Thursday, December 17, 2015

Delicious!


Book: Delicious!
Author: Ruth Reichl
Edition:ebook on Overdrive from the Mountain View Public Library
Read:December 17, 2015
549 pages
Genre:   Fiction, Cooking
Rated: 4 out of 5

Synopsis:
Billie Breslin is newly hired administrative assistant at Delicious!. She dropped out of UC Berkley and into her dream job. Delicious! is a fictional foodie magazine going back a century. Here she meets many foodies and becomes friends with many of them. One of her duties is responding to Delicious! Guarentee-that is if the published recipe does not work, the magazine will refund the money for the ingredients.

One of the people she meets on the Guarantee phone is a cantankerous women named Mrs. Cloverly, who repeatedly calls and almost always substitutes inferior or even unlike ingredients. Billie having given in the first time continues to give in both with the fascination of stories Mrs. Cloverly comes up with and being caught having yielded before. But after awhile, Billie misses these calls if Mrs. Cloverly does not call. But Mrs. Coverly is not some old crotchety lady, but holds a key to the puzzle about who Lulu is.

Another mainstay in the book is Sal Fontanari's cheese shop. From Reichl, this is the heaven of cheese. It is also one of the sources of stability in the story as Billie is accepted into this family owned and operated shop. Here she sees food used by real people and understands what it means that food is more about the relationships than taste.

After a year, Delicious! closes, but Billie is retained to keep the Guarantee. Mrs. Coverly continues to call, but thus is not enough to keep her time occupied. Sammy, an older man from Delicious! comes by to collect his things when they make a discovery: a letter by Lulu to James Beard. This starts off a chase to discover all of this correspondences letters to James Beard. They are aided by the card catalog from a long past librarian who is leading them on a chase for these letters.

But they are under a time constraint: Timbers Mansion where Delicious! has been housed for a hundred years is going on the market. So they need to find the last letter before the house and the library is sold. This chase leads one to naturally want to know about the writer of the letters. That is the last part: to meet Mrs. Coverly and to track down this mystery writer of letters.



Thoughts:
As a note: there is a web site called delicious.com which is not associated with the book. There is also a movie by that name which is not about the book.

This book is full of people who are not what they seem to be. At the risk of giving away some of the magic-if you do not want to know, skip to the next paragraph. There is a character at Sal's cheese shop called Mr. Complainer. Mr. Complainer has an air about him, but is always making suggestions to Sal to improve, particularly in speeding up the line. Mr. Complainer profession it turns out to be is a high end architectural historian, who later becomes intertwined in the books plot. Many of the book's characters have backgrounds which Reichl slowly reveals. This is done well, while some of the contrivances seem a bit made up, they are part of the fun of this story.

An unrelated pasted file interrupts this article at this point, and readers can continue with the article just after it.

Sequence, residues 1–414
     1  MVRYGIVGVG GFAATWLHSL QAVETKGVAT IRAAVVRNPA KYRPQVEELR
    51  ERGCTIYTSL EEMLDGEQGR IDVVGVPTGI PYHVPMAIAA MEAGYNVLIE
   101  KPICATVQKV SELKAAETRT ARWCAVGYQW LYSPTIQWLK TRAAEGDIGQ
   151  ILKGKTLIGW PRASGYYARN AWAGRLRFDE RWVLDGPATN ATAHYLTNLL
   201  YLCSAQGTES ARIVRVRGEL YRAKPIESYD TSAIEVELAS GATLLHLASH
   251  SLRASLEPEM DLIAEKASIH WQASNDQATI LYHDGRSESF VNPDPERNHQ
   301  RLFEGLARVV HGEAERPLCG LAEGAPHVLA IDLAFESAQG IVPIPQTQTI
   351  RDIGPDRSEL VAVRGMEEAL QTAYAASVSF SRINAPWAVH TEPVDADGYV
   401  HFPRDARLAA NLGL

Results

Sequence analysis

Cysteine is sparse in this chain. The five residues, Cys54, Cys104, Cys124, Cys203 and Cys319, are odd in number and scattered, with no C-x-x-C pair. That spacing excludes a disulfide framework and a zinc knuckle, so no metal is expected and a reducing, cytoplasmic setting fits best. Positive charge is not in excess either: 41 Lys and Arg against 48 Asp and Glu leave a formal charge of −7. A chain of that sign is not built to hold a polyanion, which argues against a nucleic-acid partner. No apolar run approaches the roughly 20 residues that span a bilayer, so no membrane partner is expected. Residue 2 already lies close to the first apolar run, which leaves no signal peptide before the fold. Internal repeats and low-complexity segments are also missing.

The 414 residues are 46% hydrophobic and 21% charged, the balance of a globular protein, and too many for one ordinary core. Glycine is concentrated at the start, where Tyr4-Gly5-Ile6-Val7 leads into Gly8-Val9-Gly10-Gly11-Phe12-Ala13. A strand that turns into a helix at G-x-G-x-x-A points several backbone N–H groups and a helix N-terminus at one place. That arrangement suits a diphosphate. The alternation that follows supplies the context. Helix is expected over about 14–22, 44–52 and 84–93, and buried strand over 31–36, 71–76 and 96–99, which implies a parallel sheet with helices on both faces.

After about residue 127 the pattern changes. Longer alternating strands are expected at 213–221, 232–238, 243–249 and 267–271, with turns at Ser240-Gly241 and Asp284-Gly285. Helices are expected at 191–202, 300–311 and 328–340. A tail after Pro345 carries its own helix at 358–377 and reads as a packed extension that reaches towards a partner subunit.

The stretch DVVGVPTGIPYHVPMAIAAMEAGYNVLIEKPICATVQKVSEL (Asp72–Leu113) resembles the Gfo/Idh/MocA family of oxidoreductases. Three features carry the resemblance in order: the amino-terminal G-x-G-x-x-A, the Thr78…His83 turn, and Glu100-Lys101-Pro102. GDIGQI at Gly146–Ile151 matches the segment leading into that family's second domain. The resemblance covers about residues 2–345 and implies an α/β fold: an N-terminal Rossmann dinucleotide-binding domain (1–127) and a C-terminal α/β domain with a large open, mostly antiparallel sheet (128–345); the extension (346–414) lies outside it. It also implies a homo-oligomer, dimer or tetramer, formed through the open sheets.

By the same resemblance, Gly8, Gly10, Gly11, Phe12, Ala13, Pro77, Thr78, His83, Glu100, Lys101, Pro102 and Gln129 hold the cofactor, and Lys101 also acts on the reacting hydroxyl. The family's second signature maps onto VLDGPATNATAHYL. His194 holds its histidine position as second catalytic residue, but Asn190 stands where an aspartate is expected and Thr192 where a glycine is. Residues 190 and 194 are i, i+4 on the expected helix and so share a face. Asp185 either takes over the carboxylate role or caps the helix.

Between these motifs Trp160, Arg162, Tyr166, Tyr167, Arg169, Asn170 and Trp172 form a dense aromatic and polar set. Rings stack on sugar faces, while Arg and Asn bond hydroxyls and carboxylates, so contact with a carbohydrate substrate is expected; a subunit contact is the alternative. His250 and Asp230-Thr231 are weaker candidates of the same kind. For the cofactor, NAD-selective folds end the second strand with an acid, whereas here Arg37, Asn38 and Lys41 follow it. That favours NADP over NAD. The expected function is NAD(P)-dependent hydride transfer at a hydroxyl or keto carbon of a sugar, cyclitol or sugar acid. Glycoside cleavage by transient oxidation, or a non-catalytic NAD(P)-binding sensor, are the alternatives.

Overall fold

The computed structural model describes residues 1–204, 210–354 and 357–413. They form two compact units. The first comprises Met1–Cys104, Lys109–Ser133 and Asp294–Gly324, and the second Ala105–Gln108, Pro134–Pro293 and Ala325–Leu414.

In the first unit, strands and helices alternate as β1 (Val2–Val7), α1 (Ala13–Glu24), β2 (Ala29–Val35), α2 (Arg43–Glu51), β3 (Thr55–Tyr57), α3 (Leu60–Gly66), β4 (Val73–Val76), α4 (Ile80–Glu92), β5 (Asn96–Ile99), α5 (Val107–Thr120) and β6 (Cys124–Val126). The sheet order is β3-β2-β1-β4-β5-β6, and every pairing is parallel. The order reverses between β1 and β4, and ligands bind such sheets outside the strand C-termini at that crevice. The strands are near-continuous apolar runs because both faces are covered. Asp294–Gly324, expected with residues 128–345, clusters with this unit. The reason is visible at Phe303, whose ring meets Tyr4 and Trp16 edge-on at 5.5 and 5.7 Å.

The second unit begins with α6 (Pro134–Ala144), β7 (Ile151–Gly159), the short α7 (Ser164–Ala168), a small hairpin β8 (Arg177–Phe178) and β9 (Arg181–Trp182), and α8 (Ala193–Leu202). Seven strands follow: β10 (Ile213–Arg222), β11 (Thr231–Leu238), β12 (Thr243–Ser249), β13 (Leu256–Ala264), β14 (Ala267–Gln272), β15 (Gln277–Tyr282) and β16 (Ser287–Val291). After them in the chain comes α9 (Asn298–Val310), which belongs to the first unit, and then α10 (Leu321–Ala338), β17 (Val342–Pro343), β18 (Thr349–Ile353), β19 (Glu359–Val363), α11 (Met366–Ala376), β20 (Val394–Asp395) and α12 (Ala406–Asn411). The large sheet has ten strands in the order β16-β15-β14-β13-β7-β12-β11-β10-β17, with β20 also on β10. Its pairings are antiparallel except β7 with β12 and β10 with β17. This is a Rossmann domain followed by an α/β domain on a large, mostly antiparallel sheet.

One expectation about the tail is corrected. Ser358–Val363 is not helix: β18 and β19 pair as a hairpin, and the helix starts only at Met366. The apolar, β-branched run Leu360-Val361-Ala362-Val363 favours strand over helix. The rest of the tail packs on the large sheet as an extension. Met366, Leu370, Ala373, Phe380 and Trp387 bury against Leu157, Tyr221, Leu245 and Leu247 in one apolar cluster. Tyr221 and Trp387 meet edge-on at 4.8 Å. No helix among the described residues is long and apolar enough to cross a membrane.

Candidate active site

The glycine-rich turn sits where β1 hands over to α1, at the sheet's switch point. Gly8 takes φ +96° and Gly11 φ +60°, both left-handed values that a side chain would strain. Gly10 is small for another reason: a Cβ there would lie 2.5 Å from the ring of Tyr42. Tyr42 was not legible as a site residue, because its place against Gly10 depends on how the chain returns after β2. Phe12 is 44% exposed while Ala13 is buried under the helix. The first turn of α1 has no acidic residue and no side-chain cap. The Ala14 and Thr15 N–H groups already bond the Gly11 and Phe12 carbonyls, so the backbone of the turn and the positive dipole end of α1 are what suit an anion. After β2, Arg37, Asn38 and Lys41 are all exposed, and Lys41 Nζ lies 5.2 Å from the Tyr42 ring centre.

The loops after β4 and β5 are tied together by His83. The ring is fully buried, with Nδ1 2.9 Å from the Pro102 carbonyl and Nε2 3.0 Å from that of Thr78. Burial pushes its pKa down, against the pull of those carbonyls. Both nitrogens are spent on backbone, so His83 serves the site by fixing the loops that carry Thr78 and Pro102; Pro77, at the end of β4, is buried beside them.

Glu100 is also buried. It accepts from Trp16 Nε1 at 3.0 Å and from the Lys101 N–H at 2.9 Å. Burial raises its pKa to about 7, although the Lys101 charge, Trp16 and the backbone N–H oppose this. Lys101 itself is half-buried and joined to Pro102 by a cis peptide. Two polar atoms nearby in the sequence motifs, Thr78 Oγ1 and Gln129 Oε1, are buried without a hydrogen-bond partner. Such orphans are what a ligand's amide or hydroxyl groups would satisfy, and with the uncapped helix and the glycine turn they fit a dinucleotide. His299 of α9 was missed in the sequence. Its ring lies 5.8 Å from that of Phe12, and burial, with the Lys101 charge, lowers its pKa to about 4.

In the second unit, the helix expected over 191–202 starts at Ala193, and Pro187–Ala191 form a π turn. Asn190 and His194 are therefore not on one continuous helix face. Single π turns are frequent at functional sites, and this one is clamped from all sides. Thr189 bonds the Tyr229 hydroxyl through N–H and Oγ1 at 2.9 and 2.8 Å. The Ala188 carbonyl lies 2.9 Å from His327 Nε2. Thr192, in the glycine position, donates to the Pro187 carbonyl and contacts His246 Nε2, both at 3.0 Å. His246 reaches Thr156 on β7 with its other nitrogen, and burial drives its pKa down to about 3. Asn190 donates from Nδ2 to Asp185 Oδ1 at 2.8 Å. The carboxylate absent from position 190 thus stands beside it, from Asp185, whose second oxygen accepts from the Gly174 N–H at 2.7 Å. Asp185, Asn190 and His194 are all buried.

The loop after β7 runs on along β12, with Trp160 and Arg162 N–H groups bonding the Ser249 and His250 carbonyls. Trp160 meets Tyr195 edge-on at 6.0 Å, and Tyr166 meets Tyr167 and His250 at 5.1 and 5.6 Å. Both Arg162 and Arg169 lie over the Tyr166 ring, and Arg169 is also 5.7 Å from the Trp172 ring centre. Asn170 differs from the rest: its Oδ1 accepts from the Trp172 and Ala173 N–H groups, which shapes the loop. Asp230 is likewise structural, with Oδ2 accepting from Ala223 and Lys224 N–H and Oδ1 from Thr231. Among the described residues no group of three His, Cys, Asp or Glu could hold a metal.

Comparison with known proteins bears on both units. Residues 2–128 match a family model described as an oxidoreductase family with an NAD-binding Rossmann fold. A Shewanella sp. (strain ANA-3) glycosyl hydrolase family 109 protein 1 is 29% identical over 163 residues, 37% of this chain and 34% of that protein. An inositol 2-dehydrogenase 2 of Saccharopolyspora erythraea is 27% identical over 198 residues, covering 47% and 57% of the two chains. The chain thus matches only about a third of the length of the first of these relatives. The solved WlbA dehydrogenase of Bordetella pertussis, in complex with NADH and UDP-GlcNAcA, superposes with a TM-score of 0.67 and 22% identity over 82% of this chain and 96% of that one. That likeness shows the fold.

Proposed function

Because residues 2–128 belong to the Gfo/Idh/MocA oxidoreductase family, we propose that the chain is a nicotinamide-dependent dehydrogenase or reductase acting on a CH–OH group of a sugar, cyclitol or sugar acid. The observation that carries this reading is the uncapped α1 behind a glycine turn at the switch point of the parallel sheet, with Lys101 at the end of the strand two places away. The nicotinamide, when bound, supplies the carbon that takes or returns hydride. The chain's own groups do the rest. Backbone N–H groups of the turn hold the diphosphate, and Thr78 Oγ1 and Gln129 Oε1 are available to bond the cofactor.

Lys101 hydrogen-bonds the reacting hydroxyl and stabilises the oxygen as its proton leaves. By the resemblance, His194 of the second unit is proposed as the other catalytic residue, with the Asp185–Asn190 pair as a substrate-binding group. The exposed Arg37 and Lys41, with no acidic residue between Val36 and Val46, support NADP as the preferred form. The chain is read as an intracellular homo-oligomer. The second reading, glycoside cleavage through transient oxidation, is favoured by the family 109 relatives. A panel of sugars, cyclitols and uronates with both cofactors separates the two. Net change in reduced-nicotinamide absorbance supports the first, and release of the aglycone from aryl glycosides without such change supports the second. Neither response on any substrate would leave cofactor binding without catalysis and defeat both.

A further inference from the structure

I wanted her to look at me that way again. This is an important statement at the start of the book. It lays out the self-consciousness of the main character. While there is a lot more to the book, this is the main undercurrent-Billie, the protagonist, being talented, but not recognizing the talent she has. As you move through the book, she avoids cooking because of the association she has with her sister. This all points to the pain and insecurity Reichl wants to portray on Billie.

Did the picture from Annie Leibovitz called "Midnight at The Pig" really exist? I did not see a reference to it. But Leibovitz did live across from a restaurant called The Spotted Pig. Should be noted that the chief chef is April Bloomfield who has another restaurant called The Breslin, which happens to be Billie's name. Coincidence?

 most people can't follow instructions. (Guarenteed). This is in reference to the Delicious! guarantee-each recipe is guaranteed to work or they refund you the cost of the ingredients. The statement is true for the most part. But do you really want a world full of people who can do nothing else but follow instructions? Isn't that what a computer is? Shouldn't we be more than just a bot, following instructions? The trick is to know when it is best to follow instructions and when it is good to experiment and create.

Where is Alphabet City? Alphabet City is a neighborhood located within the East Village in the New York City borough of Manhattan. Its name comes from Avenues A, B, C, and D, the only avenues in Manhattan to have single-letter names. It appears to be a place where many ethnics resides.

What's the point of making piles of money to enjoy when you are not working? I'd much rather enjoy  my work. (Nowhere) Life is too short and money will not buy you happiness. So find something which you can channel yourself into and enjoy it. After all, you were created by God for more than being a cog in the works.

...how lucky I was to be aware of happiness. Most people don't recognize their own good fortune until it has departed, (Seize Opportunities). How do I look at myself? Usually not as someone who thinks how bad everything is. But there is a tendency for me to think in terms that things will continue as they are without looking for the goodness in my life. It is the same with beauty. I take Yosemite for granted, but when I bring someone there for the first time, you gain the wonder of first sight. That is how my life should be, not taking anything for granted, but to be grateful to God for the goodness he has put in my path.

Billie's letters to Genie are interesting and you know there is more to it than meets the eye. But at times you think that Reichl is purposely leading you down a road which is a false trail. And so they are. I will not spoil the surprise. But compared to the rest of Reichl's writing in Delicious!, this just does not match up.